When we think of cucumbers, we may first imagine a juicy pickle served alongside sandwiches or thinly sliced cucumbers used as cooling eye patches. It is composed of 95% water, which lends to its crisp exterior and succulent interior, perfect for a hot summer’s day . Cucumbers are also very low in calories, with a 50g serving containing only 8kcal and 0.3g of dietary fiber . They contain trace amounts of calcium, potassium, magnesium, and vitamins K, C, and A – all essential minerals and vitamins to maintain body homeostasis. A recent study has looked into the anti-diabetic potential of polysaccharides in the gourd family, and found that they may aid in lowering blood glucose levels and stimulate beta-cell regeneration (cells that secrete insulin) . Since ancient times, they have described for their therapeutic and anti-inflammatory potentials, including their soothing effects against skin irritations and swelling .
Although cucumbers are culturally referred to as a vegetable, they are technically a fruit because they contain seeds. They are fruits of the Cucumis sativus species and are members of the Cucurbitaceae, or gourd, family . In traditional Indian Ayurvedic medicine, members of this family have been utilized to treat various skin problems and promote anti-aging . Over on the other side in Chinese folk medicine, leaves, stems, and roots have been used as anti-diarrheal, and detoxicant agents . Although cucumbers naturally have seeds, many varieties like the English cucumber have been bred to produce underdeveloped seeds that are hardly noticeable . Depending on your purpose (i.e. pickling, salad topping), you can opt to choose cucumbers with different characteristics like size, shape, seed density, and thickness of skin!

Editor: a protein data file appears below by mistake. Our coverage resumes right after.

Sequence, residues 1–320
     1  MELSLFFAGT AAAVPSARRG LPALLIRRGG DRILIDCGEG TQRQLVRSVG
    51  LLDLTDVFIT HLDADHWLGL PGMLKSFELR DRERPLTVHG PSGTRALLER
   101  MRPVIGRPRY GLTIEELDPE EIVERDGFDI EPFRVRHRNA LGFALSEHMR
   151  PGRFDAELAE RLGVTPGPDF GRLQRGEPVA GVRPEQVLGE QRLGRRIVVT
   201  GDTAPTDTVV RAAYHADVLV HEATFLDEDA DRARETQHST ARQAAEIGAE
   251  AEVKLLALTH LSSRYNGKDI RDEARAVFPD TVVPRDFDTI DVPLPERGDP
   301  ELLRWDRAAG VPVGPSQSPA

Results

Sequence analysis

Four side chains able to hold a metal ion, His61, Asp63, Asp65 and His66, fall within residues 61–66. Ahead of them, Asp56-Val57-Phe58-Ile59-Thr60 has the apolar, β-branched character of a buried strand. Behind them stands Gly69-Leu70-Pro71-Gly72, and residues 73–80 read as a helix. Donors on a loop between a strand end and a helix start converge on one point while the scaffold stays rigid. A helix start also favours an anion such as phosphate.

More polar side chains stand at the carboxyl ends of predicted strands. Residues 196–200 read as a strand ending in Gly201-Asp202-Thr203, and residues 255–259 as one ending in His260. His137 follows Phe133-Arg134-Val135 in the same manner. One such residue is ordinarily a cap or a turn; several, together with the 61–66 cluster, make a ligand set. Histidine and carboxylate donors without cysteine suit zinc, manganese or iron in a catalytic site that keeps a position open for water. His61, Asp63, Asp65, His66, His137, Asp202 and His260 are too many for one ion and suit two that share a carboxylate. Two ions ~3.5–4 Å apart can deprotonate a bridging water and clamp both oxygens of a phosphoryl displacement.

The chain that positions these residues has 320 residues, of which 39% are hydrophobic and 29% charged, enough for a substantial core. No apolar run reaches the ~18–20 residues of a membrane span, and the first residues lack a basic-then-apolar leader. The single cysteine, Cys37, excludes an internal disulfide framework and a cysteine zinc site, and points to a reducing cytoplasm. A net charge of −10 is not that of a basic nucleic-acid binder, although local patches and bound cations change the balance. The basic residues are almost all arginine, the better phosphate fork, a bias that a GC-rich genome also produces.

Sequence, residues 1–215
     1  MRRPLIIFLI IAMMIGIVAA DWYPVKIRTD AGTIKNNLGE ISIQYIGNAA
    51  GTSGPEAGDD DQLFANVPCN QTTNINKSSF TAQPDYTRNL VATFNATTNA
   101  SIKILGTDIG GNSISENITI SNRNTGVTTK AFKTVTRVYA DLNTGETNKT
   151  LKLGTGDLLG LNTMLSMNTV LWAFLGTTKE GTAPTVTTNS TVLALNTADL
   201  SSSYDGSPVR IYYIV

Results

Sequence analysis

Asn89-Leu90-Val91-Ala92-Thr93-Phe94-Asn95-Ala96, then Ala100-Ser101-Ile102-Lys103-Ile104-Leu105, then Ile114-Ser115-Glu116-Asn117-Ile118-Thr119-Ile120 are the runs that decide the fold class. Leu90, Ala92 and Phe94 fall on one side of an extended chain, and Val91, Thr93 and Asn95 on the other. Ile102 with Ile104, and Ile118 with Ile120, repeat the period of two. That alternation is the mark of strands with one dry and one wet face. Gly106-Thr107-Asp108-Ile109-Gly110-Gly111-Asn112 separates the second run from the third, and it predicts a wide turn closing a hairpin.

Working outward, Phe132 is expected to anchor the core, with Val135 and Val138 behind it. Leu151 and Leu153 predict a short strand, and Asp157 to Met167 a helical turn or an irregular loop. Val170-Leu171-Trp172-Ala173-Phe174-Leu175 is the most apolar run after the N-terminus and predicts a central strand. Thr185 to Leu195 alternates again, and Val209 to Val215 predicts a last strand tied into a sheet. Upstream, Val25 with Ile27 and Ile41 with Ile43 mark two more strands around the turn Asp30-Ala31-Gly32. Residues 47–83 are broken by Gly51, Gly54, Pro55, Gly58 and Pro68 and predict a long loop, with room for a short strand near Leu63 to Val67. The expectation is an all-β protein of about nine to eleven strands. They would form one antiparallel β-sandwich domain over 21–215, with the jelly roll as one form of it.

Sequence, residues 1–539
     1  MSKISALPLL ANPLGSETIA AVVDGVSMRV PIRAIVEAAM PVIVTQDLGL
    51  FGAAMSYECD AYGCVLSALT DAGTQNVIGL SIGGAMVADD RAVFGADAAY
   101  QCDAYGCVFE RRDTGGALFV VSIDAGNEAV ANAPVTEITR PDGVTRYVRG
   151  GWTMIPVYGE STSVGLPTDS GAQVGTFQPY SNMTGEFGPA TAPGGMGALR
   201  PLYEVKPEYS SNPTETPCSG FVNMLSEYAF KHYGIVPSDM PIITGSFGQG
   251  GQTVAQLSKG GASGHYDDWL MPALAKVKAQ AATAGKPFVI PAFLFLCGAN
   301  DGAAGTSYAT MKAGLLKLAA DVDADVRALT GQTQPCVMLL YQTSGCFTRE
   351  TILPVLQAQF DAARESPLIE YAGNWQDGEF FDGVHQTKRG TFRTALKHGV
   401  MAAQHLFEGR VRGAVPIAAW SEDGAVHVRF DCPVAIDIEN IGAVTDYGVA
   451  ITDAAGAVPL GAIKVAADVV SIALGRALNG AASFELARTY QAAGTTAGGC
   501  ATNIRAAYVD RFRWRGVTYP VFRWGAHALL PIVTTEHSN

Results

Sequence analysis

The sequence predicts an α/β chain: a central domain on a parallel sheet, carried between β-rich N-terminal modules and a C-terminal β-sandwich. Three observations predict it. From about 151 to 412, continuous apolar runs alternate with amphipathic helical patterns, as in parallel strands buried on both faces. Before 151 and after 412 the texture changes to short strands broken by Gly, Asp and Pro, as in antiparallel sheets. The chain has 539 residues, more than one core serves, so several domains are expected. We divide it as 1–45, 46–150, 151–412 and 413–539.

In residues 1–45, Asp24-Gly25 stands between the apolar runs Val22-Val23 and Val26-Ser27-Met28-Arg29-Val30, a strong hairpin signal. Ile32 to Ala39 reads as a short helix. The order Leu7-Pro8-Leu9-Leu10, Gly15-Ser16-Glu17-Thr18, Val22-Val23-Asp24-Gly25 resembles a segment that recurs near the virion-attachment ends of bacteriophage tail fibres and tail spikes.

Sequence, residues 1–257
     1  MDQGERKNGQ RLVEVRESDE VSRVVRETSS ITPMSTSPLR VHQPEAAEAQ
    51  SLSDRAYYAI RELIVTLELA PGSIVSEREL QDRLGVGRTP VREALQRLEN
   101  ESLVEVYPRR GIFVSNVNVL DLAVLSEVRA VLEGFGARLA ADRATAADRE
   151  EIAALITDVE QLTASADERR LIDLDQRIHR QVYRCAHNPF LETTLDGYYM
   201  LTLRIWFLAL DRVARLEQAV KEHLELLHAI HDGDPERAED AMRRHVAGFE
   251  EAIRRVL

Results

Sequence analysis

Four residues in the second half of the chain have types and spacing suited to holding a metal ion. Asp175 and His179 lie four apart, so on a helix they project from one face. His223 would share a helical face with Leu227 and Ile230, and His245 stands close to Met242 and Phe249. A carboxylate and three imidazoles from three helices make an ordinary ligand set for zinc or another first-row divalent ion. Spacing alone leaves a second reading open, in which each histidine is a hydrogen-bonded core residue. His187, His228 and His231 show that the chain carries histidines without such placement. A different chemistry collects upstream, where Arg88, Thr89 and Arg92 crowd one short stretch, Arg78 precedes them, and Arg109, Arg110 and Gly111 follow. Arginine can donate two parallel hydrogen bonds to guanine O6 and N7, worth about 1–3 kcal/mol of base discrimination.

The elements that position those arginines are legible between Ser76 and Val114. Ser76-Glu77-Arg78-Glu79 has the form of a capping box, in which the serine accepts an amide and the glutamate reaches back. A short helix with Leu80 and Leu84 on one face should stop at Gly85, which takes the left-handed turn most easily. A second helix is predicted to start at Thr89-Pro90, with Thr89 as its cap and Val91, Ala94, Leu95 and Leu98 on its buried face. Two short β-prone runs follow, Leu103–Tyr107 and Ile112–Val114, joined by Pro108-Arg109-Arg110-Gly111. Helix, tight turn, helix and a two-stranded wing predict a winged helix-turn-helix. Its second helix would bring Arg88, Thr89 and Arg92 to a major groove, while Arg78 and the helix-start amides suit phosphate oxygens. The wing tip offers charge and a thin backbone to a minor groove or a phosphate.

- Choose firm, well-shaped cucumbers with dark green colors. Try to find cucumbers that are heavy for their size.
- Refrigerate in a plastic bag for up to 1 week.
 USDA Research Service. (2018). National Nutrient Database for Standard Reference Legacy Release. Basic Report: 11205, Cucumber, raw. Retrieved from: https://ndb.nal.usda.gov/ndb/foods/show/11205?
 Simpson, R. and Morris, G.A. (2014). The Anti-Diabetic Potential of Polysaccharides Extracted from Members of the Cucurbit Family: A Review. Bioactive Carbohydrates and Dietary Fibre, 3 (2), pp. 106-114.
 Mukherjee, P.K., Nema, N.K., Maity, N., Sarkar, B.K. (2012). Phytochemical and Therapeutic Potential of Cucumber. Fitoterapia, 84, pp. 227-236. Bender, D.A. (2009). A Dictionary of Food and Nutrition (3 ed.). Oxford University Press. eISBN: 9780191726682
 Philips, B. (2016). Seedless Cucumbers Are a Different Pickle. Michigan State University Extension. Website accessed 07/06/2018: http://msue.anr.msu.edu/news/seedless_cucumbers_are_a_different_pickle